Keep in mind that it is just as important to avoid getting too much calcium from supplements as it is to get enough. Excessive calcium from supplements may increase the risk of cardiovascular disease and kidney stones, so don’t overdo it. Aim for 1,000 to 1,200 mg from food and supplements combined.

How do you ensure adequate calcium intake? Share your ideas in the comments section below.

Originally published in 2014, this post has been updated.


[1] Am J Clin Nutr. 2007 May;85(5):1361-6.

[2] Linus Pauling Institute. Micronutrient Info Center. Calcium.

[3] Br J Surg. 2014 Nov;101(12):1566-75.

[4] BMC Med. 2013; 11: 86.

Anchor
Comments
  • My all joints are cracking and popping if i move sounds comming..and am having kidney stone and am having medicine for 1 and half months..i thinks its the cause of the kidney stone medicines am feeling un sufficiant calcium level in my body…plz help and give suggestion

  • Get treatment for kidney stone asap! Try mild forms of exercise, like gentle bouncing on trampoline. Seek help. Low ca is not to fool around with. Dr. Can order a blood test so you know your level, and decide on treatment. Search about kidney stones and avoid foods that create that problem. Eat well and good luck.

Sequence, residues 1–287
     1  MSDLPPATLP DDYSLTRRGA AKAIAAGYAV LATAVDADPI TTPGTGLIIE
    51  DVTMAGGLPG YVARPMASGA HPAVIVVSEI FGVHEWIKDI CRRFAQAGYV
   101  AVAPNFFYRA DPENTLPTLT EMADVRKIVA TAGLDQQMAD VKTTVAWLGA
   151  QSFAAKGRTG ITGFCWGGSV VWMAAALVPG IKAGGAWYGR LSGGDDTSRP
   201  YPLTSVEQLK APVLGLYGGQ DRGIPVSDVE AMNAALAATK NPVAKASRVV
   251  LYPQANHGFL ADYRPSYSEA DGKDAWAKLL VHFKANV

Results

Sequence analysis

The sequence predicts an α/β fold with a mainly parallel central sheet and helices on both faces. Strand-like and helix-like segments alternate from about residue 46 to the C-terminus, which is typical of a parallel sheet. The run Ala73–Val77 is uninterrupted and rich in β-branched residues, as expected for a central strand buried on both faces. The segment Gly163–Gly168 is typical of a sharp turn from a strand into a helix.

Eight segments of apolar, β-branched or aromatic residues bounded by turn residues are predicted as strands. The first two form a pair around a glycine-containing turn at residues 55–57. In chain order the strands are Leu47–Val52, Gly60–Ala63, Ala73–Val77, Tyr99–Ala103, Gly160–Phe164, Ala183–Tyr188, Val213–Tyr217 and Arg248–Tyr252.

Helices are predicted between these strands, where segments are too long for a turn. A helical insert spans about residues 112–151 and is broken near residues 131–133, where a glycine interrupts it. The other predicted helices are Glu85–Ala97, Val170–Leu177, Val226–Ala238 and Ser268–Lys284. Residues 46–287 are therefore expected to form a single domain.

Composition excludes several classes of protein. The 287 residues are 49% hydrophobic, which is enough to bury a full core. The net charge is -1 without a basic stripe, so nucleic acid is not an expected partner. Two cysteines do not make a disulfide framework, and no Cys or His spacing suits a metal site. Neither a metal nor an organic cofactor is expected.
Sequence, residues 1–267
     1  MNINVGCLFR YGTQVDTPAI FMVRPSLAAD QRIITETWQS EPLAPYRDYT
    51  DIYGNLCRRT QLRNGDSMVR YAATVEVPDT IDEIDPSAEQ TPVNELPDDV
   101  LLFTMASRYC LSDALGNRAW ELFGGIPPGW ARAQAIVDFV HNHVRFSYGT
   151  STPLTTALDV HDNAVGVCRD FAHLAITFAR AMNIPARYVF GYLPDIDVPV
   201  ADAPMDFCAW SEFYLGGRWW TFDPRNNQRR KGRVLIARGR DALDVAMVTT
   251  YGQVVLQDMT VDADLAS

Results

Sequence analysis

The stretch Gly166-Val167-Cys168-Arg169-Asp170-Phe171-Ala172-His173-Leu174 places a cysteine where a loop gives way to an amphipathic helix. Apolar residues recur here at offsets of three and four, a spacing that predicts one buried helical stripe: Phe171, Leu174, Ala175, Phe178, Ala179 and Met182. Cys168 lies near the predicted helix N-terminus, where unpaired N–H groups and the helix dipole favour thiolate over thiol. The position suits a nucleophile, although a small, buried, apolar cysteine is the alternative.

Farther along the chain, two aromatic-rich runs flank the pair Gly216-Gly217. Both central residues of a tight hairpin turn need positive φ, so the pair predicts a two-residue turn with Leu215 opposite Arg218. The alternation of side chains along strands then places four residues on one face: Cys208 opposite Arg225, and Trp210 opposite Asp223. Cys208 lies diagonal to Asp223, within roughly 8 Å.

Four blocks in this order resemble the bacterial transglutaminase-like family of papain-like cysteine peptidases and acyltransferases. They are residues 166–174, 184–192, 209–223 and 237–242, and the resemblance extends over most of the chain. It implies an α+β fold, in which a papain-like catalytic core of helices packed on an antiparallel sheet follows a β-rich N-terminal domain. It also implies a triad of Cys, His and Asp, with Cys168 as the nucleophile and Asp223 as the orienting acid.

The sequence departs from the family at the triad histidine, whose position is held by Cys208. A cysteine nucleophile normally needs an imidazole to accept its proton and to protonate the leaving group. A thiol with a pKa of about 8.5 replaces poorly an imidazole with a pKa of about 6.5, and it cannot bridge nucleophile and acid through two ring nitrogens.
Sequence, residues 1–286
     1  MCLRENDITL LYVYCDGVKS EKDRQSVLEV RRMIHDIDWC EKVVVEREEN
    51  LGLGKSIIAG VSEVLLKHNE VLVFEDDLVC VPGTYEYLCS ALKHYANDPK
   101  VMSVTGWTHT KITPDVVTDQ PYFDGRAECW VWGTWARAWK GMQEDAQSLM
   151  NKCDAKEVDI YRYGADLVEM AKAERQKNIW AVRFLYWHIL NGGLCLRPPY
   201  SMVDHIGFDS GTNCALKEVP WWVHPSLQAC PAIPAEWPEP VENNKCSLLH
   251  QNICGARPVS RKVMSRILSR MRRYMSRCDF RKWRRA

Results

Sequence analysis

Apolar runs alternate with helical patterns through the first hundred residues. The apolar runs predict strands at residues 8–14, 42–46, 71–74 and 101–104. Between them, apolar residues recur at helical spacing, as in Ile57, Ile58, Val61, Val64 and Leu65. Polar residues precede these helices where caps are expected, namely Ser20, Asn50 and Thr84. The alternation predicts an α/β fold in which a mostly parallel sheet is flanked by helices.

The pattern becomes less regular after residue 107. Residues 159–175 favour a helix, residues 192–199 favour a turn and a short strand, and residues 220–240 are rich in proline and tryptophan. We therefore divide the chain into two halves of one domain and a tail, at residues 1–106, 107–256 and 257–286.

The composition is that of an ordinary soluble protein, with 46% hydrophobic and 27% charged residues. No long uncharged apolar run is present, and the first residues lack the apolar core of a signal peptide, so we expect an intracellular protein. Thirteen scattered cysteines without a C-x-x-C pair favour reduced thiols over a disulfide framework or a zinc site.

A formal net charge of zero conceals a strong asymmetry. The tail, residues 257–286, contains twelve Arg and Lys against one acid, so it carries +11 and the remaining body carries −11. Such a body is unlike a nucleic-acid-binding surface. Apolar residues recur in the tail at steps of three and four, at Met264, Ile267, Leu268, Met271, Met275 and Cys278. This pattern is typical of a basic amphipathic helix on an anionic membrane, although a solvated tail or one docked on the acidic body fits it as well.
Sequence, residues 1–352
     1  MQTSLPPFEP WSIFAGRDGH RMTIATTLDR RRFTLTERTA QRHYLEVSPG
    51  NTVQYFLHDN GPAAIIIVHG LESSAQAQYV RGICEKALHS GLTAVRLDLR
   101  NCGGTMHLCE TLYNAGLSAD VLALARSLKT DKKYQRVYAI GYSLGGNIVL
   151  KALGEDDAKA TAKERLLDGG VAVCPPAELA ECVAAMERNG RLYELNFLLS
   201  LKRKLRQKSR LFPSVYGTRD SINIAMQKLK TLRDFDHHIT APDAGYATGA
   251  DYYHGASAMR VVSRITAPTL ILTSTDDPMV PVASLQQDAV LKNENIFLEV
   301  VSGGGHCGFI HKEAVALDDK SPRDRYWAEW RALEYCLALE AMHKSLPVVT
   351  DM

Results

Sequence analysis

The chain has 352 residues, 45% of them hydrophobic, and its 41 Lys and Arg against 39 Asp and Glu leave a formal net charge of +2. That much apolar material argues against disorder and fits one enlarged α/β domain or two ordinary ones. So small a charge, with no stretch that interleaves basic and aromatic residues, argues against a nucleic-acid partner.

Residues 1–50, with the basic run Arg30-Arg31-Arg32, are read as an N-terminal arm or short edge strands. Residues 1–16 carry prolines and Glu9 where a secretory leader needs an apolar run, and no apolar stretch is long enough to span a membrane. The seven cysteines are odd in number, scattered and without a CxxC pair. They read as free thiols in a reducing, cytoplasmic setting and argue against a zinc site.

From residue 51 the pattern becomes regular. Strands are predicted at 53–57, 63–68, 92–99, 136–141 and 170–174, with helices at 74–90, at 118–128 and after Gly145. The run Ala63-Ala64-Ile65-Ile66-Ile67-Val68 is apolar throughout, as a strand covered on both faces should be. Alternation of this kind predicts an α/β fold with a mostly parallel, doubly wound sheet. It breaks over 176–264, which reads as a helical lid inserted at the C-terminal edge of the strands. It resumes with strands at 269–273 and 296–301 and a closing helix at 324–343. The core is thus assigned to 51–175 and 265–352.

• These are all symptoms of hypercalcemia, excess calcium was pointed out in major degenerative diseases such as Alzheimer’s, Parkinson’s, Cancer, Epilepsy and so on.

  • Ashley W.

    Is it OK to take calcium supplement and eat a little source of calcium? I am a picky eater and do not drink/eat dairy products.

  • Getting enough Vitamin K is super important and the lack of which is the reason why arteries get calcified. Vitamin K, in addition to Vitamin D and magnesium, all work together.

Leave a Reply

×
Enter Your Log In Credentials
×
×

Please Log In

You are trying to access subscribers-only content. If you are a subscriber, use the form below to log in.

Subscribers will have unlimited access to the magazine that helps people live more sustainable, self-reliant lives, with feature stories on tending the garden, managing the homestead, raising healthy livestock and more!

×

Please Log In

You are trying to access subscribers-only content. If you are a subscriber, use the form below to log in.

Subscribers will have unlimited access to the magazine that helps the small-scale poultry enthusiast raise healthy, happy, productive flocks for eggs, meat or fun - from the countryside to the urban homestead!